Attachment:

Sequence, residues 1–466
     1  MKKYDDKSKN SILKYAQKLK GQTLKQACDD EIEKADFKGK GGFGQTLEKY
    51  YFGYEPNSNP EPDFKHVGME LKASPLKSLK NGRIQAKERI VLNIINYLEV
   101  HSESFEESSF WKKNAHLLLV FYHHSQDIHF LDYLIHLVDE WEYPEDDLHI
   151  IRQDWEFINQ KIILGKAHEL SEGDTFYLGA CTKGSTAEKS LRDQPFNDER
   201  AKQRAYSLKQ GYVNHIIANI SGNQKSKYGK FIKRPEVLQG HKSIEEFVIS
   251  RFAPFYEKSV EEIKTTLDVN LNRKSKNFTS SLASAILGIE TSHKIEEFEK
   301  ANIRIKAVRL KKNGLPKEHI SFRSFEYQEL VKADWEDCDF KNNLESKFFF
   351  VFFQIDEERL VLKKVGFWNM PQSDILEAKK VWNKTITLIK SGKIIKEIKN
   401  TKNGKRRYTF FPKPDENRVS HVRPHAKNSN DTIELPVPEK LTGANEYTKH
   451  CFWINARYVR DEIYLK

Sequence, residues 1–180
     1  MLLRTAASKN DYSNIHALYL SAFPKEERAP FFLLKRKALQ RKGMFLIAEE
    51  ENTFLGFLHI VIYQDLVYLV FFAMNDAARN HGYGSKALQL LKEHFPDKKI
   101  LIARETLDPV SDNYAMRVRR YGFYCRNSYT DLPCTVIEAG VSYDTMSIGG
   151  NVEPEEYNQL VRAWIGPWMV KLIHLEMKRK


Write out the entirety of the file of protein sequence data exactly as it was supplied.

Sequence, residues 1–466
     1  MKKYDDKSKN SILKYAQKLK GQTLKQACDD EIEKADFKGK GGFGQTLEKY
    51  YFGYEPNSNP EPDFKHVGME LKASPLKSLK NGRIQAKERI VLNIINYLEV
   101  HSESFEESSF WKKNAHLLLV FYHHSQDIHF LDYLIHLVDE WEYPEDDLHI
   151  IRQDWEFINQ KIILGKAHEL SEGDTFYLGA CTKGSTAEKS LRDQPFNDER
   201  AKQRAYSLKQ GYVNHIIANI SGNQKSKYGK FIKRPEVLQG HKSIEEFVIS
   251  RFAPFYEKSV EEIKTTLDVN LNRKSKNFTS SLASAILGIE TSHKIEEFEK
   301  ANIRIKAVRL KKNGLPKEHI SFRSFEYQEL VKADWEDCDF KNNLESKFFF
   351  VFFQIDEERL VLKKVGFWNM PQSDILEAKK VWNKTITLIK SGKIIKEIKN
   401  TKNGKRRYTF FPKPDENRVS HVRPHAKNSN DTIELPVPEK LTGANEYTKH
   451  CFWINARYVR DEIYLK

Sequence, residues 1–180
     1  MLLRTAASKN DYSNIHALYL SAFPKEERAP FFLLKRKALQ RKGMFLIAEE
    51  ENTFLGFLHI VIYQDLVYLV FFAMNDAARN HGYGSKALQL LKEHFPDKKI
   101  LIARETLDPV SDNYAMRVRR YGFYCRNSYT DLPCTVIEAG VSYDTMSIGG
   151  NVEPEEYNQL VRAWIGPWMV KLIHLEMKRK